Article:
A well-meaning colleague (yes they exist) asked me on my return from Yuletide holidays if my January would be dry. Well I do feel a little more sardonic than normal, I replied, but I think it’s just the time of year hey?
No, apparently I had missed the point, but now I understand. The true meaning of Christmas was explained to me: it’s the last time you can enjoy a ruddy drink before a self-imposed ban on alcohol consumption for a whole twelfth of the Gregorian calendar. What an extraordinary notion! It’s a brussel sprout of a concept: you think you should like the idea but in reality it’s a chewy, noxious little beast foisted upon us by some malevolent unseen force (sorry mum I don’t mean you) according to the season. I might manage a moist March but that’s about it. All awareness is good of course though, let’s not forget.
But then December was not dry either, one high point attending an introduction to the new bairn on the whisky block (can I really say that?), R&B Distillers. Sounds like a Dr Feelgood album thought I when I first heard of them, but no, it’s the coming together of disparate distilleries under one business roof. The company recently launched its first spirits which hail from different ends of Scotland and compile a fascinating if short list of two: Raasay While We Wait Single Malt and Borders Single Grain.
Both whiskies are very different in style and origin although do share one fundamental characteristic – they don’t actually exist yet. Come again? Well here’s where R&B has taken a brave leap, the actual distilleries of ‘R’ for Raasay, the tiny volcanic isle off the west coast of Skye, and ‘B’, for Borders, have not in fact been built yet so in anticipation, and while we all wait for the commercial and real processes to come to fruition, the company has released its first bottlings, blended from various sources.
Our launch event took place in a gloriously murky subterranean bar complete with moribund wallpaper and sweetly sweaty atmosphere (careful, body odour is a smell and a smell can’t be sweet, only reminiscent of something which tastes sweet – didn’t you learn anything at wine school??), in fact so densely evocative was the setting that I wondered to my companion if the Romanov family had been gunned down here by some angry Bolsheviks many years ago. But apparently no that was somewhere in Russia.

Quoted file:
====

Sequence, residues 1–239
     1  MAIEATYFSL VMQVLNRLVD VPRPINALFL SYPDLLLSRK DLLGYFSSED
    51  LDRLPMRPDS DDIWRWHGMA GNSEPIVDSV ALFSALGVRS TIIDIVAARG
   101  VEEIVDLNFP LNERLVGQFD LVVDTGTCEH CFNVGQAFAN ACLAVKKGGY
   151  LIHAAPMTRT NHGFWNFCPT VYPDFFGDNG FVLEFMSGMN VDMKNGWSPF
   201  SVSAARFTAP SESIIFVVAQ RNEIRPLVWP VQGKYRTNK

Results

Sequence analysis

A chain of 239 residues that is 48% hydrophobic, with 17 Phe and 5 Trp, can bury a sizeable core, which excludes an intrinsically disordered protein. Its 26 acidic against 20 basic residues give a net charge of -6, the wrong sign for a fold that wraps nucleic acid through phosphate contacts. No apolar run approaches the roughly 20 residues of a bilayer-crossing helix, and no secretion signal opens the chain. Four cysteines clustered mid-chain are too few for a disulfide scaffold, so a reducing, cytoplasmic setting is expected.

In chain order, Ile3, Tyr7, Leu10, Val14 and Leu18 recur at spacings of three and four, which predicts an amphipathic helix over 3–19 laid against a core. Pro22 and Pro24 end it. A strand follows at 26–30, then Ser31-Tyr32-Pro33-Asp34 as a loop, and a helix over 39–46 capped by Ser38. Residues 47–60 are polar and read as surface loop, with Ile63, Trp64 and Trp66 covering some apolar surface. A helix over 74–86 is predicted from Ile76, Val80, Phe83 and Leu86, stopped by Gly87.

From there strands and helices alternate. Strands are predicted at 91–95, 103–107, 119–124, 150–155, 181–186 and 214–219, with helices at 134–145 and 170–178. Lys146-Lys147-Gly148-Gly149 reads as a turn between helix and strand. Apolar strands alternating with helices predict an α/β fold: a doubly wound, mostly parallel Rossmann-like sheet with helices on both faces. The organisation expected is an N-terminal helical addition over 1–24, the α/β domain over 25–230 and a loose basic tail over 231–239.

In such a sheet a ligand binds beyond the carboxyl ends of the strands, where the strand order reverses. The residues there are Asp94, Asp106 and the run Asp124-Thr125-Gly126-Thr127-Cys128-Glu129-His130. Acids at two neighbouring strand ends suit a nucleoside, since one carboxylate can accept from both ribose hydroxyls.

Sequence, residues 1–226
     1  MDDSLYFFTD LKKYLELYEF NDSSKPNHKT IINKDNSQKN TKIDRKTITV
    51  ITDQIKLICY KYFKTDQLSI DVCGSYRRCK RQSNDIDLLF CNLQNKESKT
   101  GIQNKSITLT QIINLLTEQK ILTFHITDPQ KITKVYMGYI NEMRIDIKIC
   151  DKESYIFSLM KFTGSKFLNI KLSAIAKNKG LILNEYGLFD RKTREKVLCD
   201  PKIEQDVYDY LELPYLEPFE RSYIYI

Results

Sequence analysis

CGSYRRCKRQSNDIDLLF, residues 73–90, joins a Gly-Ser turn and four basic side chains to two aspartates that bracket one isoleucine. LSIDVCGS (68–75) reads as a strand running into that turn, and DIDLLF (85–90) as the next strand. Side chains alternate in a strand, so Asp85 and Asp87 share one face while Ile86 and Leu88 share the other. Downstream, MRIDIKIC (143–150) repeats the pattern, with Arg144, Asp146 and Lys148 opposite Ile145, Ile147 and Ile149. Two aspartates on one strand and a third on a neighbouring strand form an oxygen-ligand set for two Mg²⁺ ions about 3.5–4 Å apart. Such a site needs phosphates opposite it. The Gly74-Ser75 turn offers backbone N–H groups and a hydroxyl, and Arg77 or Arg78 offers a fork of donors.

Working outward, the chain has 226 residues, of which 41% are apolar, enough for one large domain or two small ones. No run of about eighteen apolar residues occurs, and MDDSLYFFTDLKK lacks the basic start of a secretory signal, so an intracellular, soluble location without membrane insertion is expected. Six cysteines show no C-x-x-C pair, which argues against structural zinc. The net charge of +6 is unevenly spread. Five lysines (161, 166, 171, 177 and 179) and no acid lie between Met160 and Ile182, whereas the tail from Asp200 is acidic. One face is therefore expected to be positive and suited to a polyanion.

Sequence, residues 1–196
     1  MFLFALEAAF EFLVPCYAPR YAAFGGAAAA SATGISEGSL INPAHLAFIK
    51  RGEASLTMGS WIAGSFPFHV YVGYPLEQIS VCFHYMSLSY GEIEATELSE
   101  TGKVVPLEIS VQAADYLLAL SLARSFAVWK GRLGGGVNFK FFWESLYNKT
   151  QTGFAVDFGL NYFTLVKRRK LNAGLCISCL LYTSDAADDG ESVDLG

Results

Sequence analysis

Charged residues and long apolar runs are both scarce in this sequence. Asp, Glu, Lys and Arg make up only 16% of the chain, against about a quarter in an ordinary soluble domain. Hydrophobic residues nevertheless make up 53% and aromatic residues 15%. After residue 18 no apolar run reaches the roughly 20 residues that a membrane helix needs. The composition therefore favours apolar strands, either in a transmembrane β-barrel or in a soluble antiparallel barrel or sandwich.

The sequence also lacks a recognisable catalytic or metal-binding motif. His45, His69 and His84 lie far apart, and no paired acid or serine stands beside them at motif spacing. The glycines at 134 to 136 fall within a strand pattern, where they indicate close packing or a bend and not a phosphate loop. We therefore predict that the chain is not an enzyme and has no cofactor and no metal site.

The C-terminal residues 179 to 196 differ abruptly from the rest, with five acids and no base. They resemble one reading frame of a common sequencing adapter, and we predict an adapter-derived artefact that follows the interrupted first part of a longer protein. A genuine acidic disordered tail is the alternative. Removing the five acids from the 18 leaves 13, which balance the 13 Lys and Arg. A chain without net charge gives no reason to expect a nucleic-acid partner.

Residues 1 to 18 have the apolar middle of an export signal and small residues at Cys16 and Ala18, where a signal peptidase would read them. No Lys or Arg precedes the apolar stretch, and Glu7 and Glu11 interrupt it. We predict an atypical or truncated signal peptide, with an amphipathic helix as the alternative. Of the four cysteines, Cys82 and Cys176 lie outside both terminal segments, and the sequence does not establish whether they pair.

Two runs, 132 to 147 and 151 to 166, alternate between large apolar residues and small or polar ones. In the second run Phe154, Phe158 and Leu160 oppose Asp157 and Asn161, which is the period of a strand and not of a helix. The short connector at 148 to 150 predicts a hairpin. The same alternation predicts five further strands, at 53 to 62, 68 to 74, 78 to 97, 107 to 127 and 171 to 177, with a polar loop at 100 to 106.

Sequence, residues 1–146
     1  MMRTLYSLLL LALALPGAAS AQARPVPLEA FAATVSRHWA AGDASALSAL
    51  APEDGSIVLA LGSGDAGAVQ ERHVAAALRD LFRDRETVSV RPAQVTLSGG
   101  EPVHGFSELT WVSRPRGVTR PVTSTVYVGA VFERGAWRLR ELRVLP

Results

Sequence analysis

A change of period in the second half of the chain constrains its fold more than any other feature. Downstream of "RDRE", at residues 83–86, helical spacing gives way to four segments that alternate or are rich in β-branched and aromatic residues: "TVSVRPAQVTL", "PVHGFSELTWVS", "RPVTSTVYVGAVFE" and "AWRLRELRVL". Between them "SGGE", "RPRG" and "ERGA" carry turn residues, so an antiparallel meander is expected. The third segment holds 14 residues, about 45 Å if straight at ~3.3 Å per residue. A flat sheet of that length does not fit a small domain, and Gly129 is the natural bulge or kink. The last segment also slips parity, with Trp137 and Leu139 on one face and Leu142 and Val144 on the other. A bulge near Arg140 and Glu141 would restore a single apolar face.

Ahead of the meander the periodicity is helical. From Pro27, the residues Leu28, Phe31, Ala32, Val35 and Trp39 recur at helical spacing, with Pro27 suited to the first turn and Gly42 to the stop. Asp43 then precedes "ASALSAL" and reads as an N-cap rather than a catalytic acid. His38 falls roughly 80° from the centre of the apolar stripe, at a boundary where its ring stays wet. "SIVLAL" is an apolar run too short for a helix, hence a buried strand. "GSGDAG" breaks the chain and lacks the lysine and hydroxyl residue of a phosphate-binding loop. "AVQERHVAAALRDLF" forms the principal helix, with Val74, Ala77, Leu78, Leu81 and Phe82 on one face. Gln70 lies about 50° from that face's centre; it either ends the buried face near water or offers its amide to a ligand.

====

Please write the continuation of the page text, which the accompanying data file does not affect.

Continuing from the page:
Borders Single Grain fetched us attractive, feminine notes of toffee apple and sugared almonds. The marketing and maturing of much whisky these days revolves around its growing up in used sherry casks, and this facet makes itself known here on the nose and palate with polite, elegant undertones of fruit cake oloroso behind the barley and gentle spice. The overall effect is to meld from the various components an approachable and engaging spirit. A breakfast Scotch you might say. That’s your art of blending innit.
When it comes to choosing a dram I generally gravitate towards the horsehair underpants and antiseptic swagger of islands malts and inevitably enjoyed most of all the Raasay for its aromas of hazelnuts and toasted cumin seeds and engrossing flavours of smoke and peaty spice. Here again the barrels used to finish off the spirit play a well-judged and central role to the final flavour profile, Tuscan red wine casks lending an appealing trace of winey red fruit.
For the consumer where will this enterprise fit into today’s whisky scene which is currently vibrant, despite the best efforts of the January droughtmongers and their ilk? Hard to say, but R&B’s whiskies are worth seeking out and voice an interesting comment on the art of blending and the role of provenance in today’s market: even though in one sense they are a creation out of nothing, both drinks stand up for themselves with a confidence and a broad appeal which might elude a newcomer London Gin for example. And that’s a testament to the maker and the whisky category itself.
By Ian Waddington